The cost of looking good

Windows' display Settings screen offers me various choices for "Color" and "Desktop area". What do these options mean? What do I gain or lose by choosing a higher or lower setting -- Murray WestThese settings control how your screen looks; they're limited by the capabilities of your graphics card and monitor.

The Color Palette setting defines colour depth the number of colours the graphics card can display. The settings are a bit confusing because Windows isn't consistent as to how it defines the settings. For instance, the option 256 Colors could be described as Limited Color (8 bit), while the setting True Color (24 bit) could just as accurately be 16,777,216 colors, which is what 24-bit colour really is.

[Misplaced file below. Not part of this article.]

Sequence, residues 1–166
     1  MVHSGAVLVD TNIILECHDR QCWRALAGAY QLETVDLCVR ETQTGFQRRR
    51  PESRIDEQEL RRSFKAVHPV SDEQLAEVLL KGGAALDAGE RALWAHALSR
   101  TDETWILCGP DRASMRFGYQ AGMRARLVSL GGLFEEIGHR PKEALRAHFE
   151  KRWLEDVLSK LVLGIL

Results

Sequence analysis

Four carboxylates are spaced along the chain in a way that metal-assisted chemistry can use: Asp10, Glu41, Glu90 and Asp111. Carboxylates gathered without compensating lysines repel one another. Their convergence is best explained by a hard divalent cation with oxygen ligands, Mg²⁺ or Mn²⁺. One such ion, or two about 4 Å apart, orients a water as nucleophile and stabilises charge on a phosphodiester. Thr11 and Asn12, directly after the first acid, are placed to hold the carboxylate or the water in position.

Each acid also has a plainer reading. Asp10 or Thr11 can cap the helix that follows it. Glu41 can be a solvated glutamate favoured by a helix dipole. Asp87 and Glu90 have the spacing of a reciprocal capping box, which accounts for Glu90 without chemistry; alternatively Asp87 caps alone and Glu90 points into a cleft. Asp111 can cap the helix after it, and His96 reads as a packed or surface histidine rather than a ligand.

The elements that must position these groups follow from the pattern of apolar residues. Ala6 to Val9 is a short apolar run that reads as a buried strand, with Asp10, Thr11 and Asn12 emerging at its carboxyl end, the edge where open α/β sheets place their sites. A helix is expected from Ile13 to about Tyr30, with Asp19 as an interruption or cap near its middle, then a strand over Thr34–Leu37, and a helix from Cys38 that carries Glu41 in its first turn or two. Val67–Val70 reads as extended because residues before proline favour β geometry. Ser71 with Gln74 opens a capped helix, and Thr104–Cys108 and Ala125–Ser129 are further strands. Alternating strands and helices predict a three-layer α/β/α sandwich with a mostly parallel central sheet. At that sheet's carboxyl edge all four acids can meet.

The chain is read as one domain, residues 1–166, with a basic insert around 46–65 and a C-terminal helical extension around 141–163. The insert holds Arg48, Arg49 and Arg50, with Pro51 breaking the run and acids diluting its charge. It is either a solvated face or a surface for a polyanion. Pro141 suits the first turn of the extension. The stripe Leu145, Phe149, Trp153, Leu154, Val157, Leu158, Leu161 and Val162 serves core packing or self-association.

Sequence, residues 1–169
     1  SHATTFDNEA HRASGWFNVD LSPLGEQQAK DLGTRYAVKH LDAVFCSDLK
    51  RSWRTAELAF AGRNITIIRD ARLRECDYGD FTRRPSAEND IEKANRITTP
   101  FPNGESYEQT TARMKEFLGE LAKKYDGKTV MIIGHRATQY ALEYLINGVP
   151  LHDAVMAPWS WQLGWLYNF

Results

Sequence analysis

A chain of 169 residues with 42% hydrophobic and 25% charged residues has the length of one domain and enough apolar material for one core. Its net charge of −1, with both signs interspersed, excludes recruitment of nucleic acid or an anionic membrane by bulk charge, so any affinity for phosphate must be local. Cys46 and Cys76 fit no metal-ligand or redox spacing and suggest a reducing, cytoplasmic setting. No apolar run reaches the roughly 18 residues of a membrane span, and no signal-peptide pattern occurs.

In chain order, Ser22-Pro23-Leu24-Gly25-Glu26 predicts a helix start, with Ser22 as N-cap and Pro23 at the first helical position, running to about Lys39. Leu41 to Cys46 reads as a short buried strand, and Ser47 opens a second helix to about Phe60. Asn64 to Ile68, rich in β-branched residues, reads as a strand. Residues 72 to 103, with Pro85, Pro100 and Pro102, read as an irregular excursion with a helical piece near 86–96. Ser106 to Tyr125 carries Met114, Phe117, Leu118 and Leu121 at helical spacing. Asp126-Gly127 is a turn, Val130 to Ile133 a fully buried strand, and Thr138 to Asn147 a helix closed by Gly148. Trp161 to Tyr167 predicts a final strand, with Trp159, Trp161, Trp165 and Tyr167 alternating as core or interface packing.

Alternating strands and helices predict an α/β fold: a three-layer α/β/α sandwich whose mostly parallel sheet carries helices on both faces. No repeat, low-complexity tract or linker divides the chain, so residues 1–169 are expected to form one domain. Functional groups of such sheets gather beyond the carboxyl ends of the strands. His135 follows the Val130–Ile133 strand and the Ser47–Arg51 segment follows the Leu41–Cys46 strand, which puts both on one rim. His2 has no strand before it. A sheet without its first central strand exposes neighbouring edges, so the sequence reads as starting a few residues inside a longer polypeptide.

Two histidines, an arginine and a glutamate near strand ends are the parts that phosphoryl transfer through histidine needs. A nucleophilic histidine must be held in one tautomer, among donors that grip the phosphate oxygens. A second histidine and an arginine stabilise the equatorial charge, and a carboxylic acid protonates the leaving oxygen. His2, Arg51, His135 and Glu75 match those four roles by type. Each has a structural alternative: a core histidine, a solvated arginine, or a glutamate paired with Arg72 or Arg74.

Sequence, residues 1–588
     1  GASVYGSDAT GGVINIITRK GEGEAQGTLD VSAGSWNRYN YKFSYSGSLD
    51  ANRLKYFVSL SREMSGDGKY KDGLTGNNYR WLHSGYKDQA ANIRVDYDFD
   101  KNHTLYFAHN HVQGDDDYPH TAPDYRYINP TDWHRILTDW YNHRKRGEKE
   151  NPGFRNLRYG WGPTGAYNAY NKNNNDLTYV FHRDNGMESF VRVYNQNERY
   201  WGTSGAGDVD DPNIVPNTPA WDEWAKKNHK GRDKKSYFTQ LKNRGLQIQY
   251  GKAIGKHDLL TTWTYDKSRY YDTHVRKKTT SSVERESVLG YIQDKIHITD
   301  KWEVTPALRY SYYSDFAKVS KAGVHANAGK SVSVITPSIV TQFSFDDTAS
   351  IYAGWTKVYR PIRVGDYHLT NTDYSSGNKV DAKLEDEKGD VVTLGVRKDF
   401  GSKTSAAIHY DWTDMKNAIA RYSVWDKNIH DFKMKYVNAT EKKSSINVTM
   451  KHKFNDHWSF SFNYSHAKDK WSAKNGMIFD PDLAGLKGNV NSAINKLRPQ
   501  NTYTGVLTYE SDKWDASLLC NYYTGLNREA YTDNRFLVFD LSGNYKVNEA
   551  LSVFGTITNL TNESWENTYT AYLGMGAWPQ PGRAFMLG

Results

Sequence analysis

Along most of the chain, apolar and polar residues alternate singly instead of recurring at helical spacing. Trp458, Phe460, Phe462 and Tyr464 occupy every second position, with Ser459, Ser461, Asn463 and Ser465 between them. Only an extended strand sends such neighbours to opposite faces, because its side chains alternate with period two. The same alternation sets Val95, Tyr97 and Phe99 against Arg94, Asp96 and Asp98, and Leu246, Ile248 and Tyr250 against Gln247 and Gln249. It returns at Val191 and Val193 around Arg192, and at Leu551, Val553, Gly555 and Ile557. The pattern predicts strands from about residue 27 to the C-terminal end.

In theory, greater colour depth slows down your graphics card. But with today's cards, you're not likely to notice any difference. So my advice is to keep the colour depth as high as your system permits.

The Desktop Area setting controls your resolution the number of pixels displayed on the screen. For instance, a setting of 640 x 480 means the screen has 640 pixels on each of 480 horizontal lines. A higher resolution, such as 800 x 600, yields more and smaller pixels.

Since each of the objects on your screen icons, text, windows, and so on has a set size in pixels, a higher resolution results in smaller objects, allowing you to fit more of them on the screen. But it also makes the objects harder to see and the text harder to read.

Your best bet is to pick the resolution that you find easiest on your eyes. (You can always change the resolution or colour depth back at your convenience.) Right-click anywhere on the Desktop, select Properties, and click the Settings tab. Enter the changes you want and click either OK or Apply. After Windows makes the changes (which sometimes requires a reboot), it will ask if you want to keep the new settings. If you don't click OK within 15 seconds, Windows will return to the original settings.

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